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Climate as a National Security Threat (Columbia SIPA)

The Pentagon has released its most ambitious blueprint to date for how the Department of Defense—the largest government agency in the United States and the largest employer in the world— intends to prepare for the risks associated with the  climate crisis.

The Climate Adaptation Plan, which describes climate change as a “destabilizing force” and a “national security risk,” offers a strategic roadmap for  the U.S. military to adapt to the impacts of the climate crisis. These include geopolitical turmoil, threats to U.S. military infrastructure and the increased frequency of natural disasters at home and abroad.

In this episode, Host Bill Loveless speaks to one of the pentagon leaders behind the report— Richard Kidd.

Mr. Kidd is the Deputy Assistant Secretary for Environment & Energy Resilience at the Department of Defense. There, he oversees efforts related to coastal resilience, pollution prevention, and compliance with environmental laws.

They discuss how to balance the energy needs of today with a forward-thinking approach to managing the climate risks that have already and will continue to affect U.S. military operations.

Columbia | SIPA Center on Global Energy Policy | Climate as a National Security Threat

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Can the US and China cooperate on climate? (The Interpreter)

HENRY STOREY

Outlining the Biden administration’s approach to China, Secretary of State Antony Blinken said in March that the United States would be “competitive when it should be, collaborative when it can be, and adversarial when it must be”. Climate change looked like an obvious vector for bilateral collaboration. In mid-April, “climate tsar” John Kerry became the first senior Biden administration official to visit China, releasing a joint statement on climate change with his Chinese counterpart Xie Zhenhua.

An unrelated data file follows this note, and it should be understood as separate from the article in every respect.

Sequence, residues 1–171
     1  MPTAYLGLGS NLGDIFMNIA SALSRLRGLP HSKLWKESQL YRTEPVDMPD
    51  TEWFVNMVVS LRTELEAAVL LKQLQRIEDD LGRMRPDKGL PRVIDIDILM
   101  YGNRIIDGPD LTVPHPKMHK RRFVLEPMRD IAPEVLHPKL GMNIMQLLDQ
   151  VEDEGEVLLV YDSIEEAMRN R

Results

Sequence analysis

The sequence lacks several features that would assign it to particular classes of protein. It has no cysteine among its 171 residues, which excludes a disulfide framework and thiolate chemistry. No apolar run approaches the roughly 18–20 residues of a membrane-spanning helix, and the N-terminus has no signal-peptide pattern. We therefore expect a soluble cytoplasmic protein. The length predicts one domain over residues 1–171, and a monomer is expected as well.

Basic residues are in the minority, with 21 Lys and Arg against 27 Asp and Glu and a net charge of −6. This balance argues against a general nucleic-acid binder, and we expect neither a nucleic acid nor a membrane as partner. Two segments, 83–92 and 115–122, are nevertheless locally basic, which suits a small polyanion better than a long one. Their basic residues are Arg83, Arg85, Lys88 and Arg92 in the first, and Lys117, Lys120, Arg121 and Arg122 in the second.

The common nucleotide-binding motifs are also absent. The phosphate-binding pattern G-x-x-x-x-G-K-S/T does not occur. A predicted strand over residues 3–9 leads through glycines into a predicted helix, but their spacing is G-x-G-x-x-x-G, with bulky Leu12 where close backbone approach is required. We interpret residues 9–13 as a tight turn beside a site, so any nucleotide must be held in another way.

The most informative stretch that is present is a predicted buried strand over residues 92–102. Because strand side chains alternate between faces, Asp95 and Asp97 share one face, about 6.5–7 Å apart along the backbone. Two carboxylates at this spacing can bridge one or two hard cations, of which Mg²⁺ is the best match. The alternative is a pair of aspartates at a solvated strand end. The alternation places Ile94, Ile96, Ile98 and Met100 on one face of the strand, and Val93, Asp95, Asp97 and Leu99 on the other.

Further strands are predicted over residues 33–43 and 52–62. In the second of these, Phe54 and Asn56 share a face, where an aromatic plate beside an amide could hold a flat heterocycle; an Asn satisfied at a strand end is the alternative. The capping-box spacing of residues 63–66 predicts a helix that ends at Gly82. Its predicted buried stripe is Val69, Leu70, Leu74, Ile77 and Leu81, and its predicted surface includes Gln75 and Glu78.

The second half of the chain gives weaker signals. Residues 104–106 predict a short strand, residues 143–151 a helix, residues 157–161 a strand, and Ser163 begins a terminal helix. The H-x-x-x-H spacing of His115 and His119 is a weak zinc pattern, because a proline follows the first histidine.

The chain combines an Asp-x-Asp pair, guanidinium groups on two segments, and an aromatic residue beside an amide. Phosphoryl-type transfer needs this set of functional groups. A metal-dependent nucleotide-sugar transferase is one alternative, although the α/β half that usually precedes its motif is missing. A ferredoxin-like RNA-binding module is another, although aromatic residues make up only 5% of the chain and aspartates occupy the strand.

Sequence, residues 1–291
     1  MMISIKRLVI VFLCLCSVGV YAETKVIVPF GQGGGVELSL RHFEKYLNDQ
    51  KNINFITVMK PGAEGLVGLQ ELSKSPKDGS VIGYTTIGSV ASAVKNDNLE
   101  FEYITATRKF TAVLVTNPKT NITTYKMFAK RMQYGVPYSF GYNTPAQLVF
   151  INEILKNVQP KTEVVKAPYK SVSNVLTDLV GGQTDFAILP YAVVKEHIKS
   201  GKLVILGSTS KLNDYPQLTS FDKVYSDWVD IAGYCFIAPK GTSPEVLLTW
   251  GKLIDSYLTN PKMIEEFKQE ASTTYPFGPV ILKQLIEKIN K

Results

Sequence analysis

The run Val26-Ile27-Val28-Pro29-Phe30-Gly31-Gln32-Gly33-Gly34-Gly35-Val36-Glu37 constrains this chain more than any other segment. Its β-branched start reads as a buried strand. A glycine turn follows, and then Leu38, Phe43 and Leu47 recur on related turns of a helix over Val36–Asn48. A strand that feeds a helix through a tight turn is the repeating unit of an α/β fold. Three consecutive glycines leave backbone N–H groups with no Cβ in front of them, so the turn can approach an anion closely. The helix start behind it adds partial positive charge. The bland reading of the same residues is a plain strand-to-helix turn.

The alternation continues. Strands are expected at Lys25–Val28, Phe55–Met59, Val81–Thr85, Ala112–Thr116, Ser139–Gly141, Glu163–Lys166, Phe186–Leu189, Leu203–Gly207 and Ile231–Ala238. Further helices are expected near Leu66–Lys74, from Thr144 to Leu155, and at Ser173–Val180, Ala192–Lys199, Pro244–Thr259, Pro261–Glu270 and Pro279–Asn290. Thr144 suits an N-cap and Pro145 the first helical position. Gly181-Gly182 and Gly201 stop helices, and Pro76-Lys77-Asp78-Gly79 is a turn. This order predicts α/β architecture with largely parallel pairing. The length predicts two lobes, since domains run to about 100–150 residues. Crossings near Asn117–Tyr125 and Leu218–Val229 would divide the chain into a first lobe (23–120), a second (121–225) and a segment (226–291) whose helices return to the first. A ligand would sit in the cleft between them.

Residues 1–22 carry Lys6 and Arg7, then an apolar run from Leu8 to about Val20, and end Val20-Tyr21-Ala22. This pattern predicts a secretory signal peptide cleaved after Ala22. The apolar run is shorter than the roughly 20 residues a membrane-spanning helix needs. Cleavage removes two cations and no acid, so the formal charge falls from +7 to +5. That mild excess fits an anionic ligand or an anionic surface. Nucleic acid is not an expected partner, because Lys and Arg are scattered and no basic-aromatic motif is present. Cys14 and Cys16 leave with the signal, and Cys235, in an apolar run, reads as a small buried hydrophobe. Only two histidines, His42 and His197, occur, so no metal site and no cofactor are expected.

Can the US and China cooperate on climate? | The Interpreter (lowyinstitute.org)

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(Climate/Energy/Asia) 2021 Climate and Energy Trends in Asia (CSIS)

This week, Justin Wu (BloombergNEF) and Lachlan Carey (CSIS) take a tour of all things climate and energy related across Asia. They start with the outlook for U.S.-China relations on climate under the Biden Administration, consider the recent carbon neutral targets announced by Japan and Korea, move to the Covid recovery efforts and clean energy agenda in Vietnam, Indonesia, and India, and finally take a look at Australia and its technology-forward climate policy.

https://www.csis.org/node/59877

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(Climate) The Nation-State vs. The Climate (Fair Observer)

By Peter Isackson

https://www.fairobserver.com/more/global_change/peter-isackson-daily-devils-dictionary-climate-energency-biden-administration-environmenal-policy-clean-energy-plan-pandemic-news-15278/

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(Europe) Europe Must Become a Global Climate Power (Josep Borrell, Werner Hoyer, Project-Syndicate)

The urgency of the climate crisis demands that the European Union turn its world-leading climate agenda into foreign policy. By deploying the financial, market, and diplomatic tools at its disposal, Europe can lead the rest of the world toward a more sustainable future, as envisioned in the Paris climate agreement.

https://www.project-syndicate.org/commentary/eu-climate-policy-is-foreign-policy-by-josep-borrell-and-werner-hoyer-2021-01